Kingdom on path towards lower energy consumption

Construction News

NEW BUILDINGS will soon be required to introduce new technology and equipment to reduce energy consumption by 30 per cent from the 2010 base if they are to win construction licences.

The list of products with the “Eco” label will be expanded to cover new devices like tablets and mobile phones, to ensure that only energy-efficient devices are in use.

These are among a series of measures outlined by the Energy Ministry in the quest to lower Thailand’s energy intensity by 30 per cent by 2036 from the 2010 base. The integrated energy-efficiency plan is designed to put stricter control on existing industrial and commercial buildings, all new buildings, electronic and electrical appliances, utility producers, the transport sector and government agencies.

Twarath Sutabutr, deputy permanent secretary of the Energy Ministry, said the target was achievable with the advanced technology available today and in the future.

Energy intensity is in focus as the authorities seek to achieve a more balanced strategy. While supply will be boosted by new investment locally and overseas, the demand side will have to be lowered to ensure long-term national energy security and combat climate change.

In 2010, every kilotonne of oil and other energy sources consumed in Thailand cost the Kingdom Bt15.6 billion. That cost will be cut by 30 per cent by 2036, when energy consumption should be cut by 56,142 kilotonnes of oil equivalent (ktoe).

To achieve this, the Building Code will be strengthened, to issue construction licences to only those buildings that can meet the requirements. Starting this year, government agencies that are constructing new buildings have to comply with the requirements, or their expenses will not be approved. For private buildings, the new rules are set to take effect in 2017, when electricity consumption should be cut by 20ktoe. The rate of reduction will be gradually stepped up, eventually reaching 1,407ktoe in 2036.

The Eco-label list will be extended from 54 items at present to cover cars, motorcycles and notepads, for example.

“With the labels, consumers will find it easier to buy energy-efficient products. This will be changed in line with the changing lifestyle,” Twarath said.

The plan will cover financial support to energy-saving projects, entailing subsidies, soft loans, funds to energy service companies and tax incentives.

Talks are under way to replace conventional light bulbs on highways and public venues with LEDs (light-emitting diodes), which will reduce electricity costs and will be less harmful to the environment. To encourage a change to LEDs in the household, business and industrial sectors, the Energy Conservation Fund will extend loans for replacement. The interest-free loan can be repaid with the savings in electricity costs in a 24-month period.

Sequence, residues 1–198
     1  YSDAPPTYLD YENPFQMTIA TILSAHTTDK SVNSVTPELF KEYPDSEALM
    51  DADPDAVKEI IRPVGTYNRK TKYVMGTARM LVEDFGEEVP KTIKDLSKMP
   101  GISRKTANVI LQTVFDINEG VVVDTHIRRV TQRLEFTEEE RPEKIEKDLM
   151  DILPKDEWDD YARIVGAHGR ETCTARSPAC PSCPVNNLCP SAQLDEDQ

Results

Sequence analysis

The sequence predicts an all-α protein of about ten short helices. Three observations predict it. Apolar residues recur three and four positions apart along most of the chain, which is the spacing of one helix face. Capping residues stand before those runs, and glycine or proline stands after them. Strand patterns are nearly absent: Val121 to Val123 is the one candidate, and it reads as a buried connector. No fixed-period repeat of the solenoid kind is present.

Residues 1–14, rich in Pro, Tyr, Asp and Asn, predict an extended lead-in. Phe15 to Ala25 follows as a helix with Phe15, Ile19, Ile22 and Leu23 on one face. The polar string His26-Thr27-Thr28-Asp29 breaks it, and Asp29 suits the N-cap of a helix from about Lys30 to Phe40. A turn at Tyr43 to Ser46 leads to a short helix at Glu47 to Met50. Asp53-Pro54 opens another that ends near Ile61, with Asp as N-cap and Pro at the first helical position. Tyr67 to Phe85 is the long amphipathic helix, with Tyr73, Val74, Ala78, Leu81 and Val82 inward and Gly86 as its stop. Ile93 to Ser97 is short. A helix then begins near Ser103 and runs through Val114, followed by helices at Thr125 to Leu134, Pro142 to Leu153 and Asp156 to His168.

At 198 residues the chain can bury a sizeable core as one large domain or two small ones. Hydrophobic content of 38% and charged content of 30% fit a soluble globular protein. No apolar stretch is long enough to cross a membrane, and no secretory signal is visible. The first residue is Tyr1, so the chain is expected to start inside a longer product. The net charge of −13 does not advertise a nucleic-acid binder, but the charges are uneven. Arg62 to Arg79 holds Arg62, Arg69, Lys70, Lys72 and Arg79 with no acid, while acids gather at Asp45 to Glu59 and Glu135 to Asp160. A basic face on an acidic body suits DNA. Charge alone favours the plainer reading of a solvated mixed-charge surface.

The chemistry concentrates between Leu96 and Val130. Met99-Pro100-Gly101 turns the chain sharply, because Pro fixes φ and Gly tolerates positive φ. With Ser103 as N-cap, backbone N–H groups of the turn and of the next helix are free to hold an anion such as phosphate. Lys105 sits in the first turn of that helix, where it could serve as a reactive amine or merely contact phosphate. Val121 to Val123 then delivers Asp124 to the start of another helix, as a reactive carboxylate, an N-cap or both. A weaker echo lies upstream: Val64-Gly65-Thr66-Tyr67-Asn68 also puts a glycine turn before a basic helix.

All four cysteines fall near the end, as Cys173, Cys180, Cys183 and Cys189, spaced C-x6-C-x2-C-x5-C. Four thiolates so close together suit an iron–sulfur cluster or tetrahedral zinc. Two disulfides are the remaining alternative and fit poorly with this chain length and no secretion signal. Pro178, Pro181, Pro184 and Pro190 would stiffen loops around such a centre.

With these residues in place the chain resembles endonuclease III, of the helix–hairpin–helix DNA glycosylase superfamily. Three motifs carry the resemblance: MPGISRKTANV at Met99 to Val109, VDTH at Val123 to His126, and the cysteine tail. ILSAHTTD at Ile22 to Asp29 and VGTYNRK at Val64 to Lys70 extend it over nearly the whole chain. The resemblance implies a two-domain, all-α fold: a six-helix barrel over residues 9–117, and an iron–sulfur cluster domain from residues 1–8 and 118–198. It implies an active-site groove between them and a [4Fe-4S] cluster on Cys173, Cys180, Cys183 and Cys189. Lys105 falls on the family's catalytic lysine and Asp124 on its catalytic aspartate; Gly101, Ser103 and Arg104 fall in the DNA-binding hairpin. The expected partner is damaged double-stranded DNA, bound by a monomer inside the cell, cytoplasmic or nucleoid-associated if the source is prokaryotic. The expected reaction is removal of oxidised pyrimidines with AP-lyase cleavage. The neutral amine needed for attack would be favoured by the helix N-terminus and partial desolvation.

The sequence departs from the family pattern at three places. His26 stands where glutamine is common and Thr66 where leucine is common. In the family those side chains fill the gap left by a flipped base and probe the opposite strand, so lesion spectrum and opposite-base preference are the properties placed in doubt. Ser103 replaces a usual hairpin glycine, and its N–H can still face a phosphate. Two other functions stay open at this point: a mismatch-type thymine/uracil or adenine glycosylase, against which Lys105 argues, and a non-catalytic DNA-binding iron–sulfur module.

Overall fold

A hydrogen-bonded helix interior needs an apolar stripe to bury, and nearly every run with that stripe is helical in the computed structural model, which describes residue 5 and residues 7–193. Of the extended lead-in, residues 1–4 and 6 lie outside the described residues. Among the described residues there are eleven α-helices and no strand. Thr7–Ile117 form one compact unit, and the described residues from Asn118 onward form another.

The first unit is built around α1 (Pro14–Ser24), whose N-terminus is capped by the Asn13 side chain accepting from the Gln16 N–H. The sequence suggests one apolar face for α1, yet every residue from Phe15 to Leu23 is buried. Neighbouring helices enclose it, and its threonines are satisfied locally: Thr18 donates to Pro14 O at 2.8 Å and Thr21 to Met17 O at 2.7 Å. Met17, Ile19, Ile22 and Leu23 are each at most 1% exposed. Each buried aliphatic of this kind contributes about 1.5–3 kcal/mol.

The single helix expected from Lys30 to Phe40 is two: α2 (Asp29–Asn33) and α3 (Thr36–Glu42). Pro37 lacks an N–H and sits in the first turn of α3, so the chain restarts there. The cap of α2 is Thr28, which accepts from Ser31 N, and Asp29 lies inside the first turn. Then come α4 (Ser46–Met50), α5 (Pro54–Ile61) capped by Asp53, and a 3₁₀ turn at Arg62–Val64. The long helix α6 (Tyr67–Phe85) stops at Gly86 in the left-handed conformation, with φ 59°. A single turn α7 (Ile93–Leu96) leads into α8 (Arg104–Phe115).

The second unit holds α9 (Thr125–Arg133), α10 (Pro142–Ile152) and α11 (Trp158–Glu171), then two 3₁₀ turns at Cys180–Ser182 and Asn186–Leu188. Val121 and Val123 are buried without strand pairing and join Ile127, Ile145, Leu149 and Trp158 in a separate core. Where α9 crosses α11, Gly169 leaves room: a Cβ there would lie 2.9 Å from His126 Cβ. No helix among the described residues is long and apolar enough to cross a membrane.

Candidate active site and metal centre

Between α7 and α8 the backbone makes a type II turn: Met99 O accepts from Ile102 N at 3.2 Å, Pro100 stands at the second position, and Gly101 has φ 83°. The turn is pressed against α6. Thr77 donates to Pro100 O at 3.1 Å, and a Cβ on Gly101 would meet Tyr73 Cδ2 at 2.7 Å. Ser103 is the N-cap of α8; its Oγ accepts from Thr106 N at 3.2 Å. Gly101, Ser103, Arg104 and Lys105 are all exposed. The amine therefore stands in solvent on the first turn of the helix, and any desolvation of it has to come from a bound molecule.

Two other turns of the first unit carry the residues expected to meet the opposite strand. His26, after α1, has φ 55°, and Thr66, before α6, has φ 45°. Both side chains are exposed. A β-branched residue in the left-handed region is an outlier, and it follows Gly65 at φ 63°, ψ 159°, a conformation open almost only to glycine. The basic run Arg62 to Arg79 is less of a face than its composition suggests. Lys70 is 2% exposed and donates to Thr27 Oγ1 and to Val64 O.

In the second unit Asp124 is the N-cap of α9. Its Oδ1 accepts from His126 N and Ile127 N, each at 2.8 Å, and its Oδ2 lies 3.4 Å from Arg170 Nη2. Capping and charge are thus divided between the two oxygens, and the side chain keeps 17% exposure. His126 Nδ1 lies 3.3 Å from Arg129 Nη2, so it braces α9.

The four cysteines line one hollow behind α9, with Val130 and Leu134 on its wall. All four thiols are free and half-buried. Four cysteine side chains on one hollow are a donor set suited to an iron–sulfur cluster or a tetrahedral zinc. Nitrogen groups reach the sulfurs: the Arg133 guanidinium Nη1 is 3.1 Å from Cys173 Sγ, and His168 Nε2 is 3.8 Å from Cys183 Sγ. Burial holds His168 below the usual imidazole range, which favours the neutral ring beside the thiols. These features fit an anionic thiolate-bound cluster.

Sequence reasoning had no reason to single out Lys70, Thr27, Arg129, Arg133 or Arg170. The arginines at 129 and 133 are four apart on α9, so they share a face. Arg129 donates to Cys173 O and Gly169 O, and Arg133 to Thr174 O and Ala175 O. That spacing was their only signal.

Utility giants Electricity Generating Authority of Thailand, Metropolitan Electricity Authority and Provincial Electricity Authority will be ordered to campaign for energy reduction among their clients. The percentage of energy consumption will be linked to each agency’s key performance index (KPI), allowing it to win compensation if it is able to beat the target. In this regard, by 2036, 2,728ktoe is expected to be saved.

“We are working on the compensation. The level should be enough to incentivise these agencies,” Twarath said.

The biggest cut is expected to come from the transport sector, 30,666ktoe in 2036. More than one-third, 13,731ktoe, will be achieved through the promotion of low-emission vehicles, based on the assumption that 11 million new passenger vehicles will be on the streets between 2016 and 2036 and 4 million pickup trucks. The new excise tax, levied accordingly to emission levels, will take effect next January 1.

A total of 1,250ktoe is expected to be saved in 2036 through improvements in the logistics sector. About 200 logistics providers are now joining the Federation of Thai Industries’ project to improve logistics management, which should save energy consumption by 10 per cent and improve driving behaviour, which could save another 25 per cent.

“We have to make a move, though all these may not be completed within this government’s term. These measures coupled with price signals will significantly cut down energy consumption,” Twarath said with confidence.